A rare ozone hole has opened up over the Arctic this winter. But the layer over the Antarctic is improving.
Proving they are truly poles apart, the ozone layer over the Arctic has surprised scientists by plunging to historic levels, while the ozone layer over the Antarctic goes from strength to strength. The findings cast new light on the interactions between the ozone layer and atmospheric circulation disruptions caused by human induced climate change.
The Copernicus Atmosphere Monitoring Service acknowledges that seeing such a hole in the North Pole's ozone layer like the one of this year is "very unusual. Normally, we don't see this level of ozone depletion in the Arctic during the Northern Hemisphere spring".
The Atmospheric Composition Monitoring service from the European Organisation for the Exploitation of Meteorological Satellites warned last week of "dramatic ozone loss" over the Arctic this month.
"Usually the ozone hole is in the Antarctic in spring [September]. This year, due to special meteorological conditions, an ozone depletion is observed also over the northern polar region," it explained.
Ozone depletion is directly related to the temperature in the stratosphere. Ozone is destroyed by chemical reactions in stratospheric clouds which can only form at temperatures below -80°C.
But the polar vortex, which maintains cold air around the Arctic, has remained exceptionally strong and stable at colder temperatures than usual this winter and spring, favouring ozone loss.
On Sunday, scientists noted, for instance, that they could "still see temperatures below -75C at hPa (hectopascals)."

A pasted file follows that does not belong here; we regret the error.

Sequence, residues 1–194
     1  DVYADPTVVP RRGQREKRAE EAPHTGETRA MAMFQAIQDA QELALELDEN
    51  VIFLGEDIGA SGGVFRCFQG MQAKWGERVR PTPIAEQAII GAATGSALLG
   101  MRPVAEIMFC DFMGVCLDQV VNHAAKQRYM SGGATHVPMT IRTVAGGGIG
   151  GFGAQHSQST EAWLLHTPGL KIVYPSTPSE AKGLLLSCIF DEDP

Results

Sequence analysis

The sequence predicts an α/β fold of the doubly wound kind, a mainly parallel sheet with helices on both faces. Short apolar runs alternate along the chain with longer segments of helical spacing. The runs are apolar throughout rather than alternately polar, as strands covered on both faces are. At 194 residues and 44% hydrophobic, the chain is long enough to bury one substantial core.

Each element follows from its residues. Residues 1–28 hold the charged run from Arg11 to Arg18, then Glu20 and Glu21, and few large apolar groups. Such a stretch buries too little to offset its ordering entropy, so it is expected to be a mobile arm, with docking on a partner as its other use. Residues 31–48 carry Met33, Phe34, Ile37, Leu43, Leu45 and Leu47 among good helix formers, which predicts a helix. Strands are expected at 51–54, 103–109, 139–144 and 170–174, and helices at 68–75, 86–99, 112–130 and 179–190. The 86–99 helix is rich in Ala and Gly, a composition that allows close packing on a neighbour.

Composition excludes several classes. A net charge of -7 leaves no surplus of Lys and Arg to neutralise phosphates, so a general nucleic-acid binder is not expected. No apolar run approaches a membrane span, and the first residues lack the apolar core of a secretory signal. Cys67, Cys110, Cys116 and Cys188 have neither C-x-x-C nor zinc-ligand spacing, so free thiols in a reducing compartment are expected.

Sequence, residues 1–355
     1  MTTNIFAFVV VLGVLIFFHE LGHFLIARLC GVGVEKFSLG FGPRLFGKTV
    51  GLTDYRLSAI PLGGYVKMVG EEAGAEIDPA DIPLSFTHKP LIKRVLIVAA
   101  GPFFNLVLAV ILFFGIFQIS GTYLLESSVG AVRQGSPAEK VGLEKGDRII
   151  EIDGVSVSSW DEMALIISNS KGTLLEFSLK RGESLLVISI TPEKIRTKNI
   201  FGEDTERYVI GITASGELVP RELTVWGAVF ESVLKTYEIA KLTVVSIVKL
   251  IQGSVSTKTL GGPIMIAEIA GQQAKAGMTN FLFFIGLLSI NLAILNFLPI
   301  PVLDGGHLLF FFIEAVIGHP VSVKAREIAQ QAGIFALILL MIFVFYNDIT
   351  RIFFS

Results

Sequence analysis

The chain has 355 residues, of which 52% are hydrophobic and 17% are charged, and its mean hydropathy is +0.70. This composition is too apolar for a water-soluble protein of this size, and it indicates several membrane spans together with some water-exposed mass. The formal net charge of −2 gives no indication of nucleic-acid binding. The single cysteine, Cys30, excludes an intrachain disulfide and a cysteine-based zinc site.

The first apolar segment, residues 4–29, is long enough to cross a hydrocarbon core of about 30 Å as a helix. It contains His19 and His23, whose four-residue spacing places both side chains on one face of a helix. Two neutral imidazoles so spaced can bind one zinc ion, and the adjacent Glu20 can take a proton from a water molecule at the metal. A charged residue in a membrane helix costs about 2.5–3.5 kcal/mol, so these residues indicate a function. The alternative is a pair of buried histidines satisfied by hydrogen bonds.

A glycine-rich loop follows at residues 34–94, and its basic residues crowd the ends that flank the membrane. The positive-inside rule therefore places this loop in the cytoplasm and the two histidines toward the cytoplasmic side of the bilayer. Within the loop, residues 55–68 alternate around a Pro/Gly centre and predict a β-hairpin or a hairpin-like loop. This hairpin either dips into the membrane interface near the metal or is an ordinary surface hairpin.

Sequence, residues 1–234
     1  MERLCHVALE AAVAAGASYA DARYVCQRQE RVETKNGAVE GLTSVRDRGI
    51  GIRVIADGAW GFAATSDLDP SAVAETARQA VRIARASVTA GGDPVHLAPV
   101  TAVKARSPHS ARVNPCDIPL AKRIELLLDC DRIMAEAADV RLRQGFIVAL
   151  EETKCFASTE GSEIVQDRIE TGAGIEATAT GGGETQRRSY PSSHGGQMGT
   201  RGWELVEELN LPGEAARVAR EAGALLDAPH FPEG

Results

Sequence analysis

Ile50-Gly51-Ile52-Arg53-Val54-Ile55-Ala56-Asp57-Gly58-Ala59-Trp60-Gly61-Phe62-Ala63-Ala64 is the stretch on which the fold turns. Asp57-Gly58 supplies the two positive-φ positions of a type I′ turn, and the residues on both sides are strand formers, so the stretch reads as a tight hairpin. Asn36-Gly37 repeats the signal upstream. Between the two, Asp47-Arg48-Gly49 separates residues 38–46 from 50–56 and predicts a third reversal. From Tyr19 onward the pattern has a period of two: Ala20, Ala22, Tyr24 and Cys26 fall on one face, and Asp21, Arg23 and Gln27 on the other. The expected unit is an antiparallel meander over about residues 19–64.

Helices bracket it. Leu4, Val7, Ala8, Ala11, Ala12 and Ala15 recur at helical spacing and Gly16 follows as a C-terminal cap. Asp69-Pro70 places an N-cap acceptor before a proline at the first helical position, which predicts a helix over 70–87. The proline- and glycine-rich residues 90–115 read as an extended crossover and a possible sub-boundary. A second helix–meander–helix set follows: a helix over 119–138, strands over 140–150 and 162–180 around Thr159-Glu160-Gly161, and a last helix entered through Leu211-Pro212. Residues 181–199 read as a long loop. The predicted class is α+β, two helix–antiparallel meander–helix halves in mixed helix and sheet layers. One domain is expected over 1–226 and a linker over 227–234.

"The total ozone above the North Pole was more than 100 DU (dobson units) below the average and the anomaly was greater than in 2011," scientists from the Copernicus programme noted. The 2011 one was the first and biggest Arctic ozone hole observed to that date.
They European Earth monitoring programme expects ozone values to recover as the stratosphere warms up and when the polar vortex disperses. Temperatures have already started to rise.
Countries under this hole are exposed to increased ultraviolet radiation.
The Arctic ozone hole can have impacts on atmospheric circulation — the large-scale movement of air that causes winds and distributes thermal energy around the globe.
Antarctica improvement sheds new light on climate change
A study published in Nature found that the 1987 ban on Ozone Depleting Substances (ODS) as part of the Montreal Protocol has led to the recovery of the southern jet stream — a narrow band of strong winds shaping weather patterns and ocean current in the southern hemisphere.
The scientists found that since the year 2000, the southern jet stream has stopped moving southwards and that this was caused by an improvement in the ozone layer over the pole.
"The recovery of stratospheric ozone — as a result of the Montreal protocol [which prohibited the use of ODS] - is the engine of the observed pause" in the jet stream's poleward shift, the paper noted.
It added that the situation should continue to improve and that "the consequences of the Montreal Protocol for tropospheric circulation should become even more evident in the future. The pause (which is generally expected from the model results) is just beginning to emerge in the observations".
Jet stream deviation affects marine currents, wind, and precipitation in the southern hemisphere from South America to East Africa and Australia.
If the trend continues, places like Patagonia or Australia, the latter of which has sweltered under months-long drought, could begin to receive more rains, for example.